Measure C, what’s next? “Its’ time to right the ship.”
Letter to the Editor, Naoa Valley Register. George Caloyannidis, Calistoga
Measure C was defeated by a mere 600 or so votes among the 36,000 cast. In the face of an extraordinarily high 47 percent voter participation for a primary election, the issue – far from resolved – is at its tipping point, serious enough for the supervisors to finally pick up the ball so that we don’t end up at the ballot box once again.
Sifting through their related statements: Supervisor Pedroza advocates having a “conversation” and Supervisor Ramos proposes having that conversation at the Board of Supervisors’ platform, meaning 3-minute comment periods at public hearings. But in the face of the one-sided APAC failed model, the time for conversations is over as it will undoubtedly be perceived as one more delaying tactic.
Given this reality, Supervisor Dillon’s view that a resolution may be facilitated only through a “science-based” determination of the “carrying capacity of Napa County” is a good first step towards the big picture. Instead of the Planning Commission doling out new permits for more wine production, visitations and events for the asking as it currently does, a set of carrying capacity metrics would serve the long term health of the Napa Valley well.
But as constructive as a carrying capacity study would be, all factors that affect it must be examined and acceptable standards must be set for each one of them. How many wineries are enough? How many tourists are beneficial? How many woodlands – and not just oaks – must be protected? How much traffic congestion is acceptable?
Should winery and agricultural development be permitted on mile-long hillside roads with no secondary accesses? Should areas in the county be graded according to more, less or no development zones? How can we rectify the enormous damage winery use permit violators have inflicted upon our valley by escaping environmental review? Just to name a few.
Science, of course, can be helpful in setting standards in terms of water availability under extended drought conditions, carbon dioxide emissions, pesticide leaching and sedimentation into our reservoirs, traffic intersection grades, air quality.
Added to the difficulty of setting commonly agreed upon carrying capacity standards is the widening credibility gap between the residents and our county government.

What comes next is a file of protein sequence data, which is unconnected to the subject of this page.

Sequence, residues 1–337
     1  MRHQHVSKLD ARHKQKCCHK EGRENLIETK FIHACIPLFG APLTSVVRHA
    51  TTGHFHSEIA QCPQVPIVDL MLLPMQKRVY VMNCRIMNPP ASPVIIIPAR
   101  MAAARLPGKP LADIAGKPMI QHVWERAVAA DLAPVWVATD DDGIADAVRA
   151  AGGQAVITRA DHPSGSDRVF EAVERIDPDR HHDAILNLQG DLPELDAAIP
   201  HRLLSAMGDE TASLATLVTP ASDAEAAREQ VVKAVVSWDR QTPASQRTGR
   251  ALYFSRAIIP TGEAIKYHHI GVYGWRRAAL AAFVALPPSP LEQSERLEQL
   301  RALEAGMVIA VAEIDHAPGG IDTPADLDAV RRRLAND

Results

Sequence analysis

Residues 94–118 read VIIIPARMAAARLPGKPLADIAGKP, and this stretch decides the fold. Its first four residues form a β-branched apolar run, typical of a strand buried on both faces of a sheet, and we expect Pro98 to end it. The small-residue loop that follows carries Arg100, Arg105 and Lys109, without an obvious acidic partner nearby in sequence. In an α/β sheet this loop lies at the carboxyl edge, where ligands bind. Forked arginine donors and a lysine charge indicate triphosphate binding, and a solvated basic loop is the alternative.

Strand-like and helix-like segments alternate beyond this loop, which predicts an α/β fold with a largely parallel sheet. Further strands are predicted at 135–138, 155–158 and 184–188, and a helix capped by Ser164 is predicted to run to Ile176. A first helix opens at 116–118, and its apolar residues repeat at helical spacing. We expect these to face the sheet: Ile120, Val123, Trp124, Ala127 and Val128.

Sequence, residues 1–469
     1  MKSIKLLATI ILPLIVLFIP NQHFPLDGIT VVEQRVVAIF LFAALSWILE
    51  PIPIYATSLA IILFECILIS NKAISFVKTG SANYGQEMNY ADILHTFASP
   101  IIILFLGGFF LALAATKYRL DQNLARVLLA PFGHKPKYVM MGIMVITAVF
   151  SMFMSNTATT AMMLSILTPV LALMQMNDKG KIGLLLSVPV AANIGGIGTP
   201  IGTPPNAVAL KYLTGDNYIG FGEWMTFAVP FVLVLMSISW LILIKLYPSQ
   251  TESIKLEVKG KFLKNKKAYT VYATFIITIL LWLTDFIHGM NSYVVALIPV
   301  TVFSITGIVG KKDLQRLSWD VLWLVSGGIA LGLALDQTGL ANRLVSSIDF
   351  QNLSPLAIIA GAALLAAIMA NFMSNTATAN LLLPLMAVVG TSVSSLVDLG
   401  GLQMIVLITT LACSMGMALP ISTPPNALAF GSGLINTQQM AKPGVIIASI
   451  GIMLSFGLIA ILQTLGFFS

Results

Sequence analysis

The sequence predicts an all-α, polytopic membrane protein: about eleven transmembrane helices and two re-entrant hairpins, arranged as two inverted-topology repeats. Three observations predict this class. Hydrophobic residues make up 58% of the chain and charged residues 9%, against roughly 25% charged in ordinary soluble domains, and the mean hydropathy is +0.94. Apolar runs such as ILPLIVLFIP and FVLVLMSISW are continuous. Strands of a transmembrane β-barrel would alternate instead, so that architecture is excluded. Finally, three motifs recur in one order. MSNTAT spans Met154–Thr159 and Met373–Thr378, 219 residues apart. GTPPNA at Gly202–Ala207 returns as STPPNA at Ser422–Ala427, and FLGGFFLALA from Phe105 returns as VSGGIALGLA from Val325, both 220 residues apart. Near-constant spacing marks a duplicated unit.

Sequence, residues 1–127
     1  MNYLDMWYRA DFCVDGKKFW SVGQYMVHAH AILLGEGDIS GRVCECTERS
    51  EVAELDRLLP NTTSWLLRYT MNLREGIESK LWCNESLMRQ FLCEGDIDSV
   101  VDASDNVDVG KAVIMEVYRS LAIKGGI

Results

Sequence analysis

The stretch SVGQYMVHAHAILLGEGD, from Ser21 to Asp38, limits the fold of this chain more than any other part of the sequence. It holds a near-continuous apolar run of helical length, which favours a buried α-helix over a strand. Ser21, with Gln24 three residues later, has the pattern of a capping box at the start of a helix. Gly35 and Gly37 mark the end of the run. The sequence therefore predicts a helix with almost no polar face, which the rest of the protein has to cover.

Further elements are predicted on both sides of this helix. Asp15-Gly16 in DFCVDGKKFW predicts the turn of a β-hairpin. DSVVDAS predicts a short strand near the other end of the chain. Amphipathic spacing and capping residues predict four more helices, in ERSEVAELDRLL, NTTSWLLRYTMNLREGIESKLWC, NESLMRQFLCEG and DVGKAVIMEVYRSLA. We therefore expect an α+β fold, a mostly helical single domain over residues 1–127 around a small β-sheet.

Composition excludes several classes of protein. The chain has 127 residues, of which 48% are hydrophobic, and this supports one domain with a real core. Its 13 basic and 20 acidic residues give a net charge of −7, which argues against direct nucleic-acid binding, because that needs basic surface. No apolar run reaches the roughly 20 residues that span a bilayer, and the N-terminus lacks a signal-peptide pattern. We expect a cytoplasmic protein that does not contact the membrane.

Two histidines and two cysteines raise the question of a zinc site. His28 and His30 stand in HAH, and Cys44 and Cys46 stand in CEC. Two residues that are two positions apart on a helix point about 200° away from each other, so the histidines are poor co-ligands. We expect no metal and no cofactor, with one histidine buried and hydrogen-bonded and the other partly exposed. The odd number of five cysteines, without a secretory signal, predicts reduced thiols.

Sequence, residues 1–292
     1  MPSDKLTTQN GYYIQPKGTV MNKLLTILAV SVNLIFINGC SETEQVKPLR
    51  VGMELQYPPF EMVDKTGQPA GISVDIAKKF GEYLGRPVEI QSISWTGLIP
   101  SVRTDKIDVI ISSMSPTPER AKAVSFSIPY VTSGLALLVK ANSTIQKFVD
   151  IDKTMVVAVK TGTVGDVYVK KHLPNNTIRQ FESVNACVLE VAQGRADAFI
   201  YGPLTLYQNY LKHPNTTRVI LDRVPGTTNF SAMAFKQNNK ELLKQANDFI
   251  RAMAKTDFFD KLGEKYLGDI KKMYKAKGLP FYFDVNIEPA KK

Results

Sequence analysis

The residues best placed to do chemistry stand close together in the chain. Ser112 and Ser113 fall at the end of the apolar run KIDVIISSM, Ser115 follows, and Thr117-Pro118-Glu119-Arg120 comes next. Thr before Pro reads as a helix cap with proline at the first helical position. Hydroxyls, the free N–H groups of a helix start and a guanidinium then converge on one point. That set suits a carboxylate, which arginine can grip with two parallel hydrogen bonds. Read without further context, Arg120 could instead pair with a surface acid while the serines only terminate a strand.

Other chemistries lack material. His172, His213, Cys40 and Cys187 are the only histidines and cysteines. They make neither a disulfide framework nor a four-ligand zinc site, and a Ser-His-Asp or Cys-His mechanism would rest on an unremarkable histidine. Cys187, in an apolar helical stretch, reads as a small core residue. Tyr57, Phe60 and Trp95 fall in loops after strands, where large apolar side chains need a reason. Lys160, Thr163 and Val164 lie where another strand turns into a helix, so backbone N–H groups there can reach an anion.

The county has been reassuring the public for too long that it has been applying CEQA mandates effectively and that all developments have been mitigated to “less than significant impacts” until traffic congestion proved how misplaced the public’s trust in the supervisors as guardians of the residents’ quality of life has been. Other issues are less visible but there are there nonetheless.
The credibility of the Board of Supervisors was further compromised by its choice of the consultant for its 9111 reports on Measures C and D. These reports were not only bias-based but they attributed provisions to the initiatives that were downright false. If this were not enough, none of the supervisors challenged even a single finding in these reports during public hearings; in fact, they precluded answers to questions by the initiatives’ drafting attorneys.
Entrusting the supervisors with the choice of widely acceptable consultants or with defining carrying capacity standards is highly problematic at this point and a serious dilemma right from the start.
As difficult as the task may be, it is imperative for such a process to move forward without delay. This is what governing is all about after all. Otherwise, anger and discontent will keep growing beyond its current tipping point with no telling where this may lead. Judging from the national political landscape, when officials remain unresponsive to wide public demands, mistrust grows and results can become irrational. Then the people are left with no choice but to take the law into their own hands by resorting to initiatives.
In the year ahead, I urge the Planning Commission and the supervisors to devote less time on processing single-interest applications and direct the bulk of their efforts on issues which affect the quality of life of all residents. Their policies of the past decade have seen the transformation of an agricultural economy into a tourist economy. The impacts on residents and on the natural environment were never adequately thought out.
It is time to right the ship.